Diplomatic relations is a chess game, one that Prime Minister Justin Trudeau didn’t play very well when he had a friendly handshake with Iranian Foreign Minister Javad Zarif, says former cabinet minister and longtime MP David Kilgour.
“You need to know how to move your pieces in a way that you’re going to serve your country and its interests, and not serve the interests of the other country, which is trying to hurt you in every way it can,” Kilgour says.
Images of Trudeau greeting Zarif with a friendly handshake and bowing his head on the sidelines of the Munich Security Conference on Feb. 14 were shared widely by Iranian state media, with critics raising concerns that the prime minister is being used as a propaganda prop by the Iranian regime to claim legitimacy domestically.
Kaveh Shahrooz, a senior fellow with the Macdonald-Laurier Institute, said in a tweet that while he realizes that “leaders sometimes have to shake hands with unsavoury people,” given that Iran recently shot down a plane carrying 176 passengers including Canadians, Trudeau should have avoided a photo-op with the Iranian representative.
Trudeau defended his meeting with Zarif, saying he needs to press Iran to get answers on the plane tragedy.
Back in 2016, the prime minister drew fire for a statement he issued after the passing of Cuban leader Fidel Castro, praising the communist dictator as a “larger-than-life leader” and a “legendary revolutionary and orator.”
His government has faced criticism as well by rights groups for its pursuit of warm relations with the Beijing regime. Most recently Canada’s ambassador to China Dominic Barton said he commends China’s efforts in containing the new coronavirus, despite evidence that the regime wasn’t forthcoming when the outbreak first started and has been discounting the number of cases and deaths, and the fact that Canadian citizens Michael Kovrig and Michael Spavor still remain detained in China.
Kilgour says Canadian leaders should be mindful of how their conduct can be used for propaganda purposes by bad state actors.
He recalls that in the 1980s, as an MP and a member of the Canadian Parliamentary Group for Soviet Jewry—formed in support of the Jewish people persecuted under the Soviet Union—he and fellow MPs were asked to meet with the Anti-Zionist Committee of the Soviet Public, which in reality was an anti-Jewish committee, he said.
Kilgour said he and other parliamentarians at first agreed to the meeting, thinking they would tell them “how strongly we disagree with them,” but they eventually decided against it after they were advised it would only serve as a propaganda opportunity for the Anti-Zionist Committee.
“They will take a photograph of you coming in to shake hands with them, and they will use the photograph as pure propaganda, and nothing you say criticizing them will be heard,” Kilgour said.
In the aftermath of Russia’s annexation of Crimea from Ukraine in 2014, Prime Minister Stephen Harper responded to Russian President Vladimir Putin’s extension of his hand for a handshake on the sidelines of the 2014 G20 summit in Australia by saying, “I guess I’ll shake your hand but I have only one thing to say to you: You need to get out of Ukraine.”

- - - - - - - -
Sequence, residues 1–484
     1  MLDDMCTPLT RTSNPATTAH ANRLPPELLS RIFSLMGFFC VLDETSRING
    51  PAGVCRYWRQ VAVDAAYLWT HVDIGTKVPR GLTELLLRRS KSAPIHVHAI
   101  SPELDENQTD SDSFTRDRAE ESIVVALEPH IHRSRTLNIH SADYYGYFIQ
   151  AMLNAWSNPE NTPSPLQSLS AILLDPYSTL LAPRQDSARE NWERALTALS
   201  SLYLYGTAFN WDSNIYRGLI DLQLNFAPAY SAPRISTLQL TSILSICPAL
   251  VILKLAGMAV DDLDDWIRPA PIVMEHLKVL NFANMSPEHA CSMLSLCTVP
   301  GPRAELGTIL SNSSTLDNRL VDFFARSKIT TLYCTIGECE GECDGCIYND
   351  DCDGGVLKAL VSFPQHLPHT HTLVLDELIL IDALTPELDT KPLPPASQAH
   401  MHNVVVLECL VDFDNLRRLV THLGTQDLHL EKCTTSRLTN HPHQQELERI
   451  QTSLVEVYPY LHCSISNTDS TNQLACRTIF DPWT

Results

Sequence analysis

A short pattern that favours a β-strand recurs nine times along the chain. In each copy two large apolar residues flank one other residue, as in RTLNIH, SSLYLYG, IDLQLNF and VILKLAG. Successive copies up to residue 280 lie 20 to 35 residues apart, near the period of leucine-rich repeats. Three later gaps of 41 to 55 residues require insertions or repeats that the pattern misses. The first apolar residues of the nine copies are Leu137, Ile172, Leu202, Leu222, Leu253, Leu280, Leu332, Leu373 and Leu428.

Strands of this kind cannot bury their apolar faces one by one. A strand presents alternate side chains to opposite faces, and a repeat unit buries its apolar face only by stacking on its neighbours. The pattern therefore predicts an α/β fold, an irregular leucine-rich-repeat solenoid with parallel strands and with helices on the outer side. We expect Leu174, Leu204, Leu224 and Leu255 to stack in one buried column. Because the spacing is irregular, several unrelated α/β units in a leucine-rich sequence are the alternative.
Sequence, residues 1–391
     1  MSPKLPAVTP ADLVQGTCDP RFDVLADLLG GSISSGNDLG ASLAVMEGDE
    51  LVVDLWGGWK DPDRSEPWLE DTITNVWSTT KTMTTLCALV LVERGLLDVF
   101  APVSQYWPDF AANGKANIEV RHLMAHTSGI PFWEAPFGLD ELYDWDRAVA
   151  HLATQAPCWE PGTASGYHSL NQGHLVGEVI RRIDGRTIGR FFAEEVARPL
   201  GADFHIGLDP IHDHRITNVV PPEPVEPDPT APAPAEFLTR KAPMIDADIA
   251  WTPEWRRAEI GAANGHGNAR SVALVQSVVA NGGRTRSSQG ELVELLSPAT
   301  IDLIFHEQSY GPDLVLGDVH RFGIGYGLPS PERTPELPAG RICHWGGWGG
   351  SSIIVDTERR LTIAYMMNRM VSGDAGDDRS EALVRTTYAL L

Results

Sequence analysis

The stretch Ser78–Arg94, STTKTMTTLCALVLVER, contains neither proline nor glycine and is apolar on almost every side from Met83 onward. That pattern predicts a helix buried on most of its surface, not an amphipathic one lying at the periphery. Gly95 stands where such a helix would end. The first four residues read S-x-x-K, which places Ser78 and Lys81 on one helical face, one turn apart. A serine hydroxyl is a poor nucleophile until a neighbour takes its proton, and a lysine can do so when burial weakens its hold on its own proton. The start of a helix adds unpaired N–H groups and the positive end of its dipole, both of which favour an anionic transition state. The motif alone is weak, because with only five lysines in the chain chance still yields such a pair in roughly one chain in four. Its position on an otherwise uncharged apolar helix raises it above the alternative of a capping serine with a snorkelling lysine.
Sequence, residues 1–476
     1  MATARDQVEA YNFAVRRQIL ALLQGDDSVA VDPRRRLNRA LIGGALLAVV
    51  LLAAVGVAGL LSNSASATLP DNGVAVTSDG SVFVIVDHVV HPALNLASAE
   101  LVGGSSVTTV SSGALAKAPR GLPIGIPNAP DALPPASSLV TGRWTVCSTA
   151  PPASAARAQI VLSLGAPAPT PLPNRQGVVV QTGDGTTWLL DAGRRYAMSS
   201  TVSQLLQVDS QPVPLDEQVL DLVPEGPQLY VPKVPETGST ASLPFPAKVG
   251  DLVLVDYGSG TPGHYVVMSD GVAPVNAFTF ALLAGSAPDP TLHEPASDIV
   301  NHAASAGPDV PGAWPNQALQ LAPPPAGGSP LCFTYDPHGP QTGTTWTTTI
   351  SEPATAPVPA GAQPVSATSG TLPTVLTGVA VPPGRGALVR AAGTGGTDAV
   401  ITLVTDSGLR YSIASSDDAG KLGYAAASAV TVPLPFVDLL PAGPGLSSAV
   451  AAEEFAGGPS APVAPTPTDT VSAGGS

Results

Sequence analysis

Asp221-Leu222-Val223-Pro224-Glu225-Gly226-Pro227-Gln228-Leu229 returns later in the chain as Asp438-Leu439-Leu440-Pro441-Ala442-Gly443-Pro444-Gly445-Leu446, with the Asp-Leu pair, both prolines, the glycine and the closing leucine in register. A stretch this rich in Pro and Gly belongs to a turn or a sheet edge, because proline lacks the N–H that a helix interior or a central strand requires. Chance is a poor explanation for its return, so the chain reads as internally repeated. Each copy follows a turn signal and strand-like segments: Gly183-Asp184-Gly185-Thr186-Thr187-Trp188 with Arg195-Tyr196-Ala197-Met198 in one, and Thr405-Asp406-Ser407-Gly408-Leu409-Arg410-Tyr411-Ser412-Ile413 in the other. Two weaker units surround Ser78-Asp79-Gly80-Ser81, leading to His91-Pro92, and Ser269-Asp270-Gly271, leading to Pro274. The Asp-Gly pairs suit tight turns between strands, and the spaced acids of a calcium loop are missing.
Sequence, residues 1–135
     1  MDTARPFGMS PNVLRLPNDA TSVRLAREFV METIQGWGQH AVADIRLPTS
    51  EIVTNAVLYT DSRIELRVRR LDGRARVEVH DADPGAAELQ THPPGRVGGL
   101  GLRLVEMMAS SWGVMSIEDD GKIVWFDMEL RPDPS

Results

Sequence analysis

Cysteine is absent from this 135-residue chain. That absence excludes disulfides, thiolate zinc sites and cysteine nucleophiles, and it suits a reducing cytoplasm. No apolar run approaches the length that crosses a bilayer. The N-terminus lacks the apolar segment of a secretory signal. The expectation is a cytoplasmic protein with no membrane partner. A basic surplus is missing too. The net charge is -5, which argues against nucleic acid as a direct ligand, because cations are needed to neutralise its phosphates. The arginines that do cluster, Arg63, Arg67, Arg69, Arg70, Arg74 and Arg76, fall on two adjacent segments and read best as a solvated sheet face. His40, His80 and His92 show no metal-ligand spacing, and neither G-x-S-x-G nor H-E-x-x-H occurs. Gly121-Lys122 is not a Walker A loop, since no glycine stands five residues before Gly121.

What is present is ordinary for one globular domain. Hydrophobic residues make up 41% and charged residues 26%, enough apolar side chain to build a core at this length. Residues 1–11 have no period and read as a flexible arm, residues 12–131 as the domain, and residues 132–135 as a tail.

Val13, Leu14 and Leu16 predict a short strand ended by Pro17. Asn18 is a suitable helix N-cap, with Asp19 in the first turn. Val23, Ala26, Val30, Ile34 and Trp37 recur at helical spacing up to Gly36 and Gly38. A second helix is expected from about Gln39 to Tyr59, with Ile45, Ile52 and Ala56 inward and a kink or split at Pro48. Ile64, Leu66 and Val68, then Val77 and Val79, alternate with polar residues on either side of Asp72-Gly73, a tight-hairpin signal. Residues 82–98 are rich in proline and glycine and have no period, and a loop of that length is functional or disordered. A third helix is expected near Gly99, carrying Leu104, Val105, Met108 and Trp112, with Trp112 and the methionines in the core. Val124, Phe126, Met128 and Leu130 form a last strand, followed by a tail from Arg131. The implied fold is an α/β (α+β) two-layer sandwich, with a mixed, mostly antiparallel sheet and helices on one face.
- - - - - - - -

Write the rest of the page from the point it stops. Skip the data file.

A year before, Harper boycotted a Commonwealth summit in Sri Lanka over human rights violations by the country’s government.
Harper also famously refused to attend the 2008 Olympic Summer Games in Beijing, despite about 80 other world leaders joining the event.
According to The Epoch Times special series “Nine Commentaries on the Communist Party,” the Chinese Communist Party used the event “to enhance its claims to legitimacy and to provide a pretext for suppressing the Chinese people.”
Yet Harper, whose government started showing warmer relations to China in the final years of his tenure, attended an APEC summit in China in 2014, despite initially not planning to go, saying Chinese officials “really wanted me to be here” for the launch of the summit.
Charles Burton, an associate professor of political science at Brock University, said in an op-ed in The Globe and Mail at the time that there were many photographs of Harper and Canadian ministers accompanying him on the trip in Chinese media, showing them “laughing and smiling and giving the impression that they thoroughly enjoyed interacting with leaders of the Chinese Communist Party.”
“The real bottom line is that the Chinese leadership got the affirmation of political legitimacy that they wanted from Canada,” Burton said.
Kilgour says he has seen many situations in which the “goodwill” of Canadian leaders gets taken advantage of by governments with bad intentions.
He adds that Canadian leaders can still be polite to people without allowing an opportunity for photographs of them to be used for propaganda.
“You don’t have to be rude when refusing to shake hands with somebody, you can just brush over or say something when he puts out his hand, and look in a different direction,” Kilkgour says. “You just have to show him that you’re not going to get sucked into a photo-op that’s going to hurt Canadians.”